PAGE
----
For Jeremy Hartsook, owner of HES Manufacturing, in Eston, Saskatchewan, inventing The Air Cube grain bin aeration system solved a few problems weighing on his mind.

Customers were looking for ways to retrofit aeration to existing hopper-bottom bins, and Hartsook came up with a way to do that without dismantling the bin. Even better, his system could be installed by as few as two people—and in under two hours. It was a vast improvement over competing systems.

“Quite often they are installed before the bin is built,” he says. “Some of them are built right into the hopper bottom itself. There are maybe a couple of options on the market for a retrofit, but ours was built with intentions of retrofit, and hand-in-hand with retrofit also the ability to do it yourself.”

It seemed like a natural progression for the 10-year-old company.

“We started out making flat steel floors for grain bins,” Hartsook says. “Then the demand moved into hopper bottoms and we started doing those, and then about three years ago we began work on the aeration system and brought it to the market.”

Hartsook, who grew up on the family farm, just a mile down the road, says the Air Cube came about because he could see the problem from three angles: from the farming perspective, from the manufacturing perspective and from the installation perspective.

“We definitely wanted to build a product that was going to be easy to install, especially for the farmer who doesn’t have the equipment that the regular installation crews would have for installing such an item,” he says.

“Most farming operations are either father-son or a farmer and his hired hands, so in most instances there would be enough help to get the job done.”

Because of the way it’s assembled, the Air Cube is also easy to transport, reaching a large trading area served by Federated Co-Operatives’ network of Agro Centres throughout western Canada.

“We actually have three different size units for different capacity grain bins,” Hartsook says. “Two of the three fit into a four-foot by four-foot by four-foot crate, so they will fit right into the back of your half-ton. That’s one of the other benefits to the product — it’s easy to move around. Compared to other products on the market, it’s a little more convenient in that regard.”

In addition to bins commonly in use, Hartsook estimates that there are tens of thousands of older bins on farms across the prairies that could benefit even more from the Air Cube, producing environmental savings as they help farmers improve productivity.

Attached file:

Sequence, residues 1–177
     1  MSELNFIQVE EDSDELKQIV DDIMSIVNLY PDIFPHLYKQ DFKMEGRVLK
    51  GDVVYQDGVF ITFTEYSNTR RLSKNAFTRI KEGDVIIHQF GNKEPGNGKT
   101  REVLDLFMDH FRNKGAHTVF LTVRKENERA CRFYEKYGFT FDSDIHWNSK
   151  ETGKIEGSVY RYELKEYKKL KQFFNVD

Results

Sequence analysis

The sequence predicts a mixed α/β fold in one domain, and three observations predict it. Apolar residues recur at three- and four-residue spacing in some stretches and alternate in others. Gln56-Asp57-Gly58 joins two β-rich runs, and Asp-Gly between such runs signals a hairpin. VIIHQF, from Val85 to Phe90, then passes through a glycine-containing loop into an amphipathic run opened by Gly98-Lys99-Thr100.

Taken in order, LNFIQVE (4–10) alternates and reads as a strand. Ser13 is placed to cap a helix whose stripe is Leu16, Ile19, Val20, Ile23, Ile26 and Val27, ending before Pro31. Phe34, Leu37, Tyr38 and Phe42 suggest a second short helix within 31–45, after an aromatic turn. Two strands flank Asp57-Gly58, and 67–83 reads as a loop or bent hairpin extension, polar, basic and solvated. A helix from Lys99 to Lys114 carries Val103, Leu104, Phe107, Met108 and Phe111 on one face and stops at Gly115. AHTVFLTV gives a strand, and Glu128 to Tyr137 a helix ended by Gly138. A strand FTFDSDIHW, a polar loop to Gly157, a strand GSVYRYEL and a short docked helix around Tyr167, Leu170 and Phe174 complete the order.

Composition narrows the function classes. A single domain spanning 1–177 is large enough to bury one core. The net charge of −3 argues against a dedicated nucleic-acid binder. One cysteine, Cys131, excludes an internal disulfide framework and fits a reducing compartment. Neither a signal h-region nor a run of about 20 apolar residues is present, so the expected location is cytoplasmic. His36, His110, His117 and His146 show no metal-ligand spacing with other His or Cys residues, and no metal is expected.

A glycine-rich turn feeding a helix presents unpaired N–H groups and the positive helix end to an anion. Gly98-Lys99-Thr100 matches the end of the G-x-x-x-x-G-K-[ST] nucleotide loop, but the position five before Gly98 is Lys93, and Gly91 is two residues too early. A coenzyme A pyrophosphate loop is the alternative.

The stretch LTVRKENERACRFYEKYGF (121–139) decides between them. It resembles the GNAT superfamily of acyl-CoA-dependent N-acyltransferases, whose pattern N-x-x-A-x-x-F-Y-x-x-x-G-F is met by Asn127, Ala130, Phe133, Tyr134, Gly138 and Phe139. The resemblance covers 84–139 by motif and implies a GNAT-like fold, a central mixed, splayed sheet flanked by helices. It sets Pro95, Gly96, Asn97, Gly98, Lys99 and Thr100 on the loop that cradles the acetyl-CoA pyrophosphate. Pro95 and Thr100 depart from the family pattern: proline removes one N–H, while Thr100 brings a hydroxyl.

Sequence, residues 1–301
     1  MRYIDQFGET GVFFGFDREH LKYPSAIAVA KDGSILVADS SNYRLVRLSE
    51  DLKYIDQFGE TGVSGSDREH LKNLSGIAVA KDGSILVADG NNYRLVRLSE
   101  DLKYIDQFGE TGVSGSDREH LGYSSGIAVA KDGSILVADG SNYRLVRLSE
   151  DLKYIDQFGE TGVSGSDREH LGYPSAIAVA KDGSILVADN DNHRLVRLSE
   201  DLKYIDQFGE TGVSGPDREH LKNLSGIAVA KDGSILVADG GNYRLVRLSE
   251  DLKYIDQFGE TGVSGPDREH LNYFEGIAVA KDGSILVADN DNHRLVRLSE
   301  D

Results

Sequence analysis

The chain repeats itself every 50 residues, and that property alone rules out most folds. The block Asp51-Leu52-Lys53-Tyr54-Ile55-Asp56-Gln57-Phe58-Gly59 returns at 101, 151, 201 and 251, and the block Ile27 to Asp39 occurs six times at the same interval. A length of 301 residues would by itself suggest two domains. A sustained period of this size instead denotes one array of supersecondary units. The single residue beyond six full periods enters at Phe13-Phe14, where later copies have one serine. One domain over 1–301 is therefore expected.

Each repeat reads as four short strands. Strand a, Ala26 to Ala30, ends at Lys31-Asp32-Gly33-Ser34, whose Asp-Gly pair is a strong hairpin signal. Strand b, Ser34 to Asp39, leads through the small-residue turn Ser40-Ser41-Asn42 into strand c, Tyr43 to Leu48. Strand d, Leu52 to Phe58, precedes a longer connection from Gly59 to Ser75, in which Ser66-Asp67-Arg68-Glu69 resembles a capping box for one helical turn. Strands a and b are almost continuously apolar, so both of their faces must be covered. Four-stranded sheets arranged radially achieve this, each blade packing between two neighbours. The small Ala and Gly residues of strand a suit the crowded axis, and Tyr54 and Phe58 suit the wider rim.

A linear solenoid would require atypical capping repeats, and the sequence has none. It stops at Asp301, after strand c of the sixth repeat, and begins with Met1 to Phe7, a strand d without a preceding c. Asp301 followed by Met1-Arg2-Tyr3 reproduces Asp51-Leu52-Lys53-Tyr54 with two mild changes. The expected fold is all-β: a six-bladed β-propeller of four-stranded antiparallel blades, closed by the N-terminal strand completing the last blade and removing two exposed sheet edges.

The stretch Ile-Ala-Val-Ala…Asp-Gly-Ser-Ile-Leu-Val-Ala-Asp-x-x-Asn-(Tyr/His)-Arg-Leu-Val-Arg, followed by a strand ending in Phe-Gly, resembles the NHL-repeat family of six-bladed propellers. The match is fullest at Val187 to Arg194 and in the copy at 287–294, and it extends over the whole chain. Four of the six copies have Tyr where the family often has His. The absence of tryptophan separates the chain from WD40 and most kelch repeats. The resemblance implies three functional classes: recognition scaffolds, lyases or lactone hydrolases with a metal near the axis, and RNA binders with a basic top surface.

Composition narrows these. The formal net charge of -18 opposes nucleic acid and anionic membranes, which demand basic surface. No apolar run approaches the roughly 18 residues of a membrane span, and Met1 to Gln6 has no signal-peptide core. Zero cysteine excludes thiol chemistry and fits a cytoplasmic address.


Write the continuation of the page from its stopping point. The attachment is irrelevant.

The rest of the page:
“Everything is getting bigger and bigger on the farm,” he explains. “The equipment is getting bigger, the grain bins are getting bigger, and—especially at harvest time when you can combine sections of land much faster than your previous generations—it gets put into the bin a lot quicker. On a hot day, you’re putting hot grain in a bin and you need to cool it down.”

For example, Hartsook says, a 30,000 bushel bin might have cool grain at the bottom loaded earlier in the day, and cool grain at the top loaded near the end of the day, with hot grain in the centre loaded during the heat of the day.

“You’re going to have a hot spot in the bin and you need to cool that down somehow,” he says. “On some of these larger diameter bins you might have to turn the grain. That takes time, fuel, things like that. Whereas, if you took your hot loads when you’re harvesting and put them into some of your smaller storage bins that had aeration, then you can just turn the fan on to cool it down and you don't have to turn the grain. That can speed up the operation.

“That's why our system has an environmental impact,” he says. “You can take a lot of these older bins that guys would fill too quickly and otherwise might move on from and build new storage. They can utilize the old storage. During the heat of the day they can store that particular batch of crop in that bin and then as it is cooler in the mornings and evenings they can use different bins.

“With our system, you can maximize profitability by properly conditioning certain loads of grain, whether they were too hot or too wet, that you didn't want to have blended with some that was harvested at a more even rate.”